The Real Scoop on the Family Bed
Want to spark a hot debate next time you are hanging out with other parents? Bring up the topic of co-sleeping. Most people have a strong, passionate viewpoint on the issue, from the parents who proudly declare that their children have NEVER slept in their bed, all the way to the parents of the three year old who has never slept alone, and doesn’t have any plans to.
Since sleep is such a huge issue for families with young children, we wanted to get to the bottom of how co-sleeping impacts a family – both good and bad – so that you can decide if it’s right for you.
As part of its “Back to Sleep” campaign to reduce SIDS, the American Association of Pediatrics (AAP) has officially recommended against sharing a bed with your infant due to the increased risk of SIDS for babies who share a bed with their parents. Instead, they recommend sharing a room with your infant (which decreases the risk of SIDS), using either a bassinet or a “co-sleeper” that can actually be attached to the parents’ bed (such as this one).
So does that mean that any parent who chooses to sleep with their infant is being negligent? Not quite. In many cases, the arrangement is what keeps mom able to breast feed throughout the night for much longer than would have been possible otherwise. And the increased risk for infants can be dramatically reduced by taking certain precautions, including:
– No bed sharing with people who are under the influence of alcohol or drugs.
– No bed sharing with siblings.
– Follow the same rules for babies who sleep in cribs: keep baby on his or her back, remove any extra bedding (pillows, sheets, duvets, etc) and keep the temperature cool.
Even more helpful safety tips are available here.
(2) Sleep quality
Beyond the safety concerns, are there other reasons that you might not want to sleep with your children in the same bed? Even though bed sharing frequently takes place as a way for mom to get a bit more sleep at night, according to many experts, the quality of sleep that takes place in a family bed is frequently less than ideal – for kids and parents. We spoke with Dr. Whitney Roban of Sleep-Eez Kidz, which specializes in helping families solve their sleep problems. Dr. Roban is not a proponent of co-sleeping: “Good sleep habits do not take place in bed sharing,” she told us. Specifically, bed sharing prevents your child from developing the sleep associations that we all need to soothe ourselves back to sleep when we wake up – they rely on the parents to provide it.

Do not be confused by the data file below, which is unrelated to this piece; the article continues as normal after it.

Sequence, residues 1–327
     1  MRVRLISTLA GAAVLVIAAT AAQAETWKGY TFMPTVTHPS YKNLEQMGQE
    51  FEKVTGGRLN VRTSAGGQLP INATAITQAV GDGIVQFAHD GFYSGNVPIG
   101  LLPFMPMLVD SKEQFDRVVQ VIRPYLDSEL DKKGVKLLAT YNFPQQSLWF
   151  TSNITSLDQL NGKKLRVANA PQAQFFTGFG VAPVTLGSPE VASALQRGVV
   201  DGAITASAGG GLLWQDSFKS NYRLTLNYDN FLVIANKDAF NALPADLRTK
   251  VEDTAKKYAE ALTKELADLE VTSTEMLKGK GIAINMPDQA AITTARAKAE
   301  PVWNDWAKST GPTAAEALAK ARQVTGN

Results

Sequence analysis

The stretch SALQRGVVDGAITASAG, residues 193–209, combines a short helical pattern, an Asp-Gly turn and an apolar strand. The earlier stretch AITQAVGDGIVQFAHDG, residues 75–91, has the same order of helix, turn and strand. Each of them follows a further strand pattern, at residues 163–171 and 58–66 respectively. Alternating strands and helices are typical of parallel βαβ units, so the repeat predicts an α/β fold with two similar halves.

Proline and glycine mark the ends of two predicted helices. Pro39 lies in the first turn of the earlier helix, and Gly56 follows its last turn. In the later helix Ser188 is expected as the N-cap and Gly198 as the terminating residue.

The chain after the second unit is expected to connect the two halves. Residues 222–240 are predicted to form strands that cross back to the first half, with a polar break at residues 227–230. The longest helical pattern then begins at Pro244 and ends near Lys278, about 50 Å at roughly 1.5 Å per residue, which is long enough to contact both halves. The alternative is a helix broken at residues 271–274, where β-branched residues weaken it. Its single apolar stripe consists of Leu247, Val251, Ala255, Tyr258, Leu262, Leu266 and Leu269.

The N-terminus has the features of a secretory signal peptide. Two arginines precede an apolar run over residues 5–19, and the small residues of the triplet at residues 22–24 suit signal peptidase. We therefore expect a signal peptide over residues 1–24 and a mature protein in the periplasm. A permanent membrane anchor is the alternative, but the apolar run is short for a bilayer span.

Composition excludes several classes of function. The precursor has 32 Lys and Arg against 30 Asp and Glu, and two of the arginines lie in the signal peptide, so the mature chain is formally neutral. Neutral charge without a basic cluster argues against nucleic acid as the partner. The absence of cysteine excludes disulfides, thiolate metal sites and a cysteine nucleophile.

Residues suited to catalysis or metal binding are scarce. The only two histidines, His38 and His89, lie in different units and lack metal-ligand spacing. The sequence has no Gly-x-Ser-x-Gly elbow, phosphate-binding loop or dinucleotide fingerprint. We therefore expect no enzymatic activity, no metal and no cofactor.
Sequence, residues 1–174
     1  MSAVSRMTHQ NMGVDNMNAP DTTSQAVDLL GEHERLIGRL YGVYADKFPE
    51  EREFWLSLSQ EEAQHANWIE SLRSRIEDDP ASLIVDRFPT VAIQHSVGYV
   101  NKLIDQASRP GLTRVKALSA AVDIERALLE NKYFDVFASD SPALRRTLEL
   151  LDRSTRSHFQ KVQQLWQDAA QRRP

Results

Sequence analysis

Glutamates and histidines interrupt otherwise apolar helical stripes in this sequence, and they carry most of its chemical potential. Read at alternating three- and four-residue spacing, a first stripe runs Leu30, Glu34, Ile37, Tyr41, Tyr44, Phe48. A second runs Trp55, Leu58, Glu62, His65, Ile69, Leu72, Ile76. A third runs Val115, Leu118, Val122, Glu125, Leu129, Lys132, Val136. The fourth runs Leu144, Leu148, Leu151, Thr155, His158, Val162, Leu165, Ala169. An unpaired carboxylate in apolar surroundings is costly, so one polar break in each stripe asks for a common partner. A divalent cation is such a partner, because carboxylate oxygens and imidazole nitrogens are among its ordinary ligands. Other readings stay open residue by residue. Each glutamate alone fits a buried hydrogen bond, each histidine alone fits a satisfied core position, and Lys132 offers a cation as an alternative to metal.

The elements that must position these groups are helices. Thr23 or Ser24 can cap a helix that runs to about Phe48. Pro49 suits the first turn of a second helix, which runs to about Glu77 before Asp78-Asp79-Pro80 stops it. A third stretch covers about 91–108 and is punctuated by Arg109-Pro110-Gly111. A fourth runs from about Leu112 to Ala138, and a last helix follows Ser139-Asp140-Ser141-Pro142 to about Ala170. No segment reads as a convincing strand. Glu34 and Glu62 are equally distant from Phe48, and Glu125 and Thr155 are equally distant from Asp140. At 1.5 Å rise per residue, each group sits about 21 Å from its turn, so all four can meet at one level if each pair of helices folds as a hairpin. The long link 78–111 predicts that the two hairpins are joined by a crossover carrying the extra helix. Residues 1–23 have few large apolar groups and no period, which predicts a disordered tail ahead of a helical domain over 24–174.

But if the parents have no plans to end the co-sleeping arrangement, is this really such a bad thing? Perhaps not for the child, but for the parent who is responsible for soothing the child back to sleep during every normal night waking, it’s a huge hurdle to a good night’s sleep. Dr. Roban pointed to the recent study out of Penn State which found that co-sleeping can be HUGELY detrimental to mothers. And as we all know, if mom isn’t getting enough sleep, that’s a problem for EVERYONE.
(3) Parent’s relationship
Another thing to keep in mind is how a co-sleeping arrangement can impact your marriage. First of all, both parents must be on the same page when it comes to the sleeping arrangement, both to protect the children from a parent who may not know they are in the bed and to protect mom and dad’s relationship. Nothing breeds resentment and anger more than being forced into junior’s twin racecar bed at 4 in the morning because he’s taken over your side of the bed!
It’s also important to keep in mind that even if both parents are on board, there can still be complications. After all, it’s hard enough to find times to be, ahem, *alone* with your partner when you have small children; take away the adult bed, and you could go weeks without touching each other. Never a good thing in our book!
Does this mean that you shouldn’t even consider co-sleeping, or if you currently have a family bed that you should immediately change your arrangement? Not so fast… Even Dr. Roban agrees that it could work for some families: “I generally believe that, if it ain’t broke, don’t fix it. If the children are getting 11 to 12 hours of uninterrupted sleep, and the parents are getting 7 to 9 hours of uninterrupted sleep, then go for it. But I’ve never met a family who’s made it work.” So, if you are one of the lucky ones who can make this arrangement work for your family, and you’re able to do it safely and with no negative impact for mom and dad, then snuggle away! But if it’s a situation that’s developed out of desperation, don’t be afraid to make a change. As Dr. Roban says, “all children, no matter what age, can be taught good sleep habits.”
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